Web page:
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It sometimes feels as if the cryptocurrency world is full of fly-by-night projects. For example, Dogecoin (DOGE) was created as a joke in a couple of hours, and is now the 11th-biggest crypto by market cap. But Cardano (ADA) has made a virtue of doing things differently.
Cardano says it is the first blockchain to be founded on peer-reviewed research. Rather than rushing to be first to market, the people behind Cardano have taken their time to do things properly. For founder Charles Hoskinson, it isn't about being first, it's about doing it right and creating a system that people will use.
This is part of the reason Cardano's had a difficult five months price-wise -- its slow and steady approach doesn't always suit investors who want instant results. It reached a high in September in anticipation of its smart contract launch. But the price has fallen over 50% since -- in part because people bought the rumor and sold the news. And in part because the smart contract functionality wasn't quite what some had hoped.
There are many other smart contract cryptocurrencies, like Solana (SOL) and Avalanche (AVAX), that have taken market share with their speedy processing times and cheap fees. Several outperformed Cardano last year, though more recently Cardano's been one of the few cryptos making gains. Unlike Bitcoin (BTC), which has lost 11.8% in the past 30 days, Cardano has gained 7.6%.
Even so, Cardano is still a long way off its high. But there are plenty of reasons to be optimistic about what might happen next. Here are five.
1. Cardano has a mission -- and a plan
Cardano's mission is to build a financial operating system for the world. It is a decentralized platform that aims to empower people and give them more control over their data and identities. There are a lot of moving parts, and there's a huge amount of infrastructure required to make this possible. But Cardano has published on its website a clear roadmap setting out how it plans to achieve its goals. You can follow its progress through weekly updates.
There's a lot of talk about how cryptocurrencies could provide financial services to the billions of unbanked people in the world who can't access traditional systems. But few projects actually engage with the obstacles to access. It isn't enough to simply make a wallet or a crypto exchange. Cardano's trying to let people create economic identities on the blockchain. It's almost like setting up a universal and transparent credit score system that would allow even the poorest people to access banking services.
2. Lots of applications are due to launch on Cardano
Cardano has over 450 projects in development on its platform, and a number are due to launch in the first quarter of 2022. One widely anticipated application is SundaeSwap, a decentralized exchange where users can swap cryptos and earn yield.
Hoskinson said in a Christmas YouTube message that he wanted to enable the first end-to-end microfinance transaction on Cardano this year. That would mean someone in, say, the U.S. could easily make a small loan to enable a person in a developing country to start a small business. For that to happen, that person would need a blockchain-based identity, and the Cardano system would need a working stablecoin and infrastructure.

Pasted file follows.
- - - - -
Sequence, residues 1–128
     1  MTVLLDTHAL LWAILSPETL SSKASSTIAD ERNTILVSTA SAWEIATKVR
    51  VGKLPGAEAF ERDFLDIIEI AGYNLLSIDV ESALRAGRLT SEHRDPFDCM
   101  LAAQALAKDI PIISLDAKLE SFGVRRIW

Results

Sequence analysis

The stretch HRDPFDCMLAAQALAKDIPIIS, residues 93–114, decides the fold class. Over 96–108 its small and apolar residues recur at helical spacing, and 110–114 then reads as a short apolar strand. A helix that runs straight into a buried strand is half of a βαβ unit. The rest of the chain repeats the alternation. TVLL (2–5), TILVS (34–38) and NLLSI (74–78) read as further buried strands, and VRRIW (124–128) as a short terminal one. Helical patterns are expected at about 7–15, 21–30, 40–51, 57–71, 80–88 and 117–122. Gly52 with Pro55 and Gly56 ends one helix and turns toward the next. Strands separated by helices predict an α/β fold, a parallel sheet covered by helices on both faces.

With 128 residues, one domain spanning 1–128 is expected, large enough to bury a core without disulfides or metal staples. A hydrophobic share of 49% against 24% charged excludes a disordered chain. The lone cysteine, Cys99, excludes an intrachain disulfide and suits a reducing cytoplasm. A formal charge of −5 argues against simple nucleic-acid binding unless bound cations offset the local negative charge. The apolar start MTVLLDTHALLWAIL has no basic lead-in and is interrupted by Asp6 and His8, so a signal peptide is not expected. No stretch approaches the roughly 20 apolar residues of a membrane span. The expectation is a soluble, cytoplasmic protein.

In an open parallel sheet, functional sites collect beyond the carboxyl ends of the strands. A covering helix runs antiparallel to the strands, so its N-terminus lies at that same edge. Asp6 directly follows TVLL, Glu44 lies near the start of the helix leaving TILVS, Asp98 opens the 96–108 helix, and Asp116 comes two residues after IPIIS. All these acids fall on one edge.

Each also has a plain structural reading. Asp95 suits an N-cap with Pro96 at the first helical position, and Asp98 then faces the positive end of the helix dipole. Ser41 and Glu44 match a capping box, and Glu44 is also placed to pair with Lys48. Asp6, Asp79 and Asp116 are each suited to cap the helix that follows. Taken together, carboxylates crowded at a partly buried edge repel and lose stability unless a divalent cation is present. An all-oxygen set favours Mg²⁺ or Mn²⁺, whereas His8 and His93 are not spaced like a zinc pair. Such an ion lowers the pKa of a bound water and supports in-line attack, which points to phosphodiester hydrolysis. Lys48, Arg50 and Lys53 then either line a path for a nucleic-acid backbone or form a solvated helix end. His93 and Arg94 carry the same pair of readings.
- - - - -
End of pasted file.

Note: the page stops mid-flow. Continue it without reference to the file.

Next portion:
Microfinancing is a core part of the vision of empowerment, as it could give people in certain countries access to cash without paying extortionate interest rates.
3. Cardano's being used in the real world
Many cryptocurrencies are focused inwards -- they solve problems inside the crypto world, or are decentralized finance projects that only generate more crypto tokens. Cardano already has partnerships with governments and organizations across the globe, with a view to using blockchain technology to change lives.
For example, last year it announced a deal with the ministry of education in Ethiopia to store the academic records of 5 million students on the blockchain. This would reduce fraudulent job and university applications, and potentially make it easier for those students to travel abroad or access other opportunities.
4. There are great people behind the project
Founder Charles Hoskinson is a legendary figure in the crypto world, and also helped co-found Ethereum. He's established a huge team of talent. The Cardano Foundation, which is just one part of the puzzle, has people working in 15 countries on four continents. Input Output, the company behind the Cardano platform itself, has over 400 people working in 50 countries.
5. You can stake your Cardano
You may have heard about the different methods blockchain networks use to validate transactions. Bitcoin uses the environmentally costly proof-of-work system, whereas more modern cryptos like Cardano use a proof-of-stake model. In proof-of-stake, only people who own coins can help validate transactions -- and they earn rewards for doing so.
If you hold Cardano, you can stake it and earn passive income. It's less risky than other ways people can earn rewards, such as lend-earn products or liquidity pools.
All cryptocurrencies carry risk
Cryptocurrencies are high-risk investments. There's much we don't know about how this industry will develop and what will happen in the long term. There are many good reasons to buy Cardano, but there are also no guarantees its price will return to previous highs.
If you buy Cardano, only invest money you can afford to lose, and research the project carefully so you understand what you're getting into. Before you buy any crypto, top up your emergency fund and retirement savings -- crypto investment should never come ahead of financial goals that safeguard your future.
Emma Newbery owns Bitcoin, Cardano, Solana, and Avalanche. The Motley Fool owns shares of and recommends Bitcoin.
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